Yes, there are stupid questions (Here’s how to ask smart ones)

Posted by · June 15, 2012 9:28 am

“There’s no such thing as a stupid question.” You’ve been there—maybe in a meeting at work, perhaps in class, when somebody asks a half-baked question and a well-meaning facilitator tries to comfort them with this platitude. The problem? There IS such a thing as a stupid question. We all know this instinctively, whether we admit it or not. And we’ve all asked them.

Image courtesy Elliot Moore (via Flickr)

The difficulty comes in separating out stupid questions from the smart ones. Because sometimes a smart question can seem stupid, and vice versa. This can become especially problematic in the workplace where important information is scattered across various emails, outdated documentation and the minds of employees. How do you ask the right questions without wasting people’s time? How can you avoid asking stupid questions altogether? These tips will help you ask smarter questions.

Ask yourself the question first. Out loud.

Trying to answer a question can be all consuming. Your problem feels like it should be everybody’s problem, and the temptation to blurt out your question to every person you see is strong. The first step to not asking stupid questions is the most important: keep your mouth shut. Take a deep breath. And think about it. Once you’ve suppressed the initial urge to blather, you’re ready for the next step: talk it out with your rubber duck. “Rubber ducking” is a term programmers use to describe the process of talking through a project with an inanimate object. You place a rubber duck (or troll doll or stapler or whatever) on your desk and describe your problem out loud (you may want to wait until your coworkers have gone to lunch to try this). As you talk to the duck, ask yourself a few questions: Do the context clues provide the information I need? Has someone else already given me with an answer when I wasn’t paying attention? Give your mind a chance to process the question. The idea behind rubber ducking is that by verbalizing your question to no one in particular, you’ll be forced to order your thoughts into an easy-to-understand message. The very act of ordering your thoughts may trigger the answer. Have you ever started asking someone a question only to have the answer dawn on you as you were talking? That’s what the rubber duck is for: ask it the question first to give your brain time to come up with the solution.

Find the right person to ask.

You’ve thought through your question and talked it out with your rubber ducky, but you still don’t have an answer. However, you should have a pretty good idea of the information you need to know. The next step is finding the right person to ask. Stupid questions are situational. Asking your dentist if you have a cavity isn’t a stupid question. Asking your plumber if you have a cavity…that’s just plain dumb. But at the office, things can be a bit murkier. If you don’t know who to ask, you should at least be able to find someone who knows who you should ask; you need to talk to a connector. In The Tipping Point, author Malcolm Gladwell identifies three personality types: Connectors, Mavens and Salesmen. The connector knows a lot of people, and they know what those people do. Who are the connectors in your office? Don’t just think about the social butterflies, think about those who know a little about what’s going on in every department. They’re the ones who always know about layoffs before they come, and they figured out where the company picnic was going to be months ago. They’ve always got an ear to the ground. Once you’ve identified connectors, seek them out and ask them who in your organization can help solve your problem.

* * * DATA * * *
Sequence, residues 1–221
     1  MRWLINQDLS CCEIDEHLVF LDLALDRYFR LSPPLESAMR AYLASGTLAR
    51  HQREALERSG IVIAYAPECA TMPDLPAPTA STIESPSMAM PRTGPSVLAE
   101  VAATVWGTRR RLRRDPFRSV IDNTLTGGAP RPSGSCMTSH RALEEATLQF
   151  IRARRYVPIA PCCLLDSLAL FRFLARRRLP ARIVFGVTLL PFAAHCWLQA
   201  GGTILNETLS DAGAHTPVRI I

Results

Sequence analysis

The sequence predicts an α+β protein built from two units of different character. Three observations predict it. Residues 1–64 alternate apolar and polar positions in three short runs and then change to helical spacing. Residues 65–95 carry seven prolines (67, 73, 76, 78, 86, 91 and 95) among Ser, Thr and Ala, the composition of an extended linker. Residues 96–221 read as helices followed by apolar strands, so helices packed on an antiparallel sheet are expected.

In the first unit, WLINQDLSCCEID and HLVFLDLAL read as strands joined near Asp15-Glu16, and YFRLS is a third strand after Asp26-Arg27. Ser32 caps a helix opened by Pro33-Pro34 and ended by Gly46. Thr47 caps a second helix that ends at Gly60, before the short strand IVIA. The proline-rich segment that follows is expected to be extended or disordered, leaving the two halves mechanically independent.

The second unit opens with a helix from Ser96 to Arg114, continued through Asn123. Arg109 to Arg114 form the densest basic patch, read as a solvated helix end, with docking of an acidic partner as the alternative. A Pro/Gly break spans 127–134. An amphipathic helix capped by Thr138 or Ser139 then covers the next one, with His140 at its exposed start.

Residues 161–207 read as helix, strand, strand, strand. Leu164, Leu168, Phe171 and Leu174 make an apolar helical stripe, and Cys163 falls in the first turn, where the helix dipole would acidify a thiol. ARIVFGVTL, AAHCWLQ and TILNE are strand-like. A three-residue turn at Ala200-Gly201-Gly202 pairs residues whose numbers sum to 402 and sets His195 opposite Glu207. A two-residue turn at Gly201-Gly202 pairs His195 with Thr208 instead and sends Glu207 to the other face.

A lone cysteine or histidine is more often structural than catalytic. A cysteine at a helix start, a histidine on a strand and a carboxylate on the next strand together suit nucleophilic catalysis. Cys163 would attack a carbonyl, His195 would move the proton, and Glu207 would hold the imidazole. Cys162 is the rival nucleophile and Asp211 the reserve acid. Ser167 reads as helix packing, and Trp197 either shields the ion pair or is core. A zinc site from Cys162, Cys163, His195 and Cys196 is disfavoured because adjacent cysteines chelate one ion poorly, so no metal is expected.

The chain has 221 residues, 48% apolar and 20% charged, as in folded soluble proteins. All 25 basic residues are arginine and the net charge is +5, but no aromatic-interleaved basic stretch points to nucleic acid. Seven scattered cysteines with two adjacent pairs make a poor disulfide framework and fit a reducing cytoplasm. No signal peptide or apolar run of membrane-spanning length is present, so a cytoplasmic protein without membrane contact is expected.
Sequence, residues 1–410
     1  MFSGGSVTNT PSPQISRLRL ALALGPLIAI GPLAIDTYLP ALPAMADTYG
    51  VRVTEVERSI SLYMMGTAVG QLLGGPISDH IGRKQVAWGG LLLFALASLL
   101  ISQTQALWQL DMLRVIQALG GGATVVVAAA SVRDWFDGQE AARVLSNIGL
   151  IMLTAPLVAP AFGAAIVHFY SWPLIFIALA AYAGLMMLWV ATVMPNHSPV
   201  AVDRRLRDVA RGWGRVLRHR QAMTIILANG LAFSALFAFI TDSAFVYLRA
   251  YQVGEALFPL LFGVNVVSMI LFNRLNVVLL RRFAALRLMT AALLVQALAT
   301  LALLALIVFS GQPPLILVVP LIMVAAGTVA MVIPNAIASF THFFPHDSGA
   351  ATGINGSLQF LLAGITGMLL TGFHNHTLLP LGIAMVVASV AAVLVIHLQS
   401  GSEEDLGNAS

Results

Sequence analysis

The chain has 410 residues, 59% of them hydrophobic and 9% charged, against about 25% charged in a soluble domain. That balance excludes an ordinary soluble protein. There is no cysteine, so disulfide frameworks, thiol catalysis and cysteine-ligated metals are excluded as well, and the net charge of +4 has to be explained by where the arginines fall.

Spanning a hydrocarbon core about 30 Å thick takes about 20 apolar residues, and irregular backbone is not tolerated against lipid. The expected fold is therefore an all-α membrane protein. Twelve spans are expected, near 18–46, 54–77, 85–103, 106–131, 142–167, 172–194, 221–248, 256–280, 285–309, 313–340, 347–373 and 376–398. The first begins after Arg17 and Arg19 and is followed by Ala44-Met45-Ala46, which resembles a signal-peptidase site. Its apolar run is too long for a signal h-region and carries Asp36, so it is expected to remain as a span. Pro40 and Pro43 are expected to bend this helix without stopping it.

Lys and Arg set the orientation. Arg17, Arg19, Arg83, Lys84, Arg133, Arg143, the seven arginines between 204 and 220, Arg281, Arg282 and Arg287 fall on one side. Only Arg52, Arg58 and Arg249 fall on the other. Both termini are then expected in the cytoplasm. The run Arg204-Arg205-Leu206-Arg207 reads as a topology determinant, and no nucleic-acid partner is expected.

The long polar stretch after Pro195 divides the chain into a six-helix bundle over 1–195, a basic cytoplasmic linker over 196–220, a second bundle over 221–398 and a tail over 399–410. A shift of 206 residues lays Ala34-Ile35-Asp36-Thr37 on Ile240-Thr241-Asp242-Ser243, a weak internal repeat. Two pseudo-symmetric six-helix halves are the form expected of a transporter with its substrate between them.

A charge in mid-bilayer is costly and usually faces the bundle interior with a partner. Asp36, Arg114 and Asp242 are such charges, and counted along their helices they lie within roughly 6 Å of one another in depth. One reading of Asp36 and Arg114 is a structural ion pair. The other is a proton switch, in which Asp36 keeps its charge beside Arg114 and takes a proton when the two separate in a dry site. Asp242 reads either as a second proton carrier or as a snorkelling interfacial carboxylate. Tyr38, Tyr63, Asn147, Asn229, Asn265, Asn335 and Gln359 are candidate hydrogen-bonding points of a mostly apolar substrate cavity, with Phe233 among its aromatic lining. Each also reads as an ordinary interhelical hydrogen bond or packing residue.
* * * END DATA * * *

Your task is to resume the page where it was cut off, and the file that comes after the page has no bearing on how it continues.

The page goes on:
Listen to the answer.

It’s the moment of truth: you’re talking to a knowledgeable person. You’ve asked a smart, well thought out question. And they’re giving you an answer. Are you paying attention? Stupid questions are often the result of not listening in the first place. Listening is a skill that must be developed and practiced to be effective. Concentrate on the person who is speaking; don’t think about what you’re going to say next. Use non-verbal cues (head nodding, eye contact, smiling) to indicate that you understand what they are saying. It may help to bring a notebook with you as well with your question written out ahead of time. When they start answering your question, don’t write down what they are saying verbatim; jot a few notes and then draft a more detailed summary after you return to your desk.

Be prepared to ask good follow up questions.

Of course, the answer to your question might raise further questions. The same rules from step one still applies: you’ve come this far without asking a stupid question, don’t start blurting now! It’s okay to pause after the answerer has stopped talking to formulate a good follow up question; just let them know you need a moment to collect your thoughts (“hmmm…let me think about that for a second…”). Think through your follow up question and then present a clearly-worded query.

File the answer away for future reference.

Success! You’ve asked a smart question. But even a smart question is dumb the second time it’s asked. If you’ve listened well, asked good follow up questions and written down your answer, file it away for future reference. In a business, this is where an online knowledgebase comes in real handy. Tools like Expert Office compile the collective wisdom and information of an organization into a searchable online resource for everyone to reference. So next time you have a question, you just ask the knowledgebase first. That is, after you’ve asked your rubber ducky.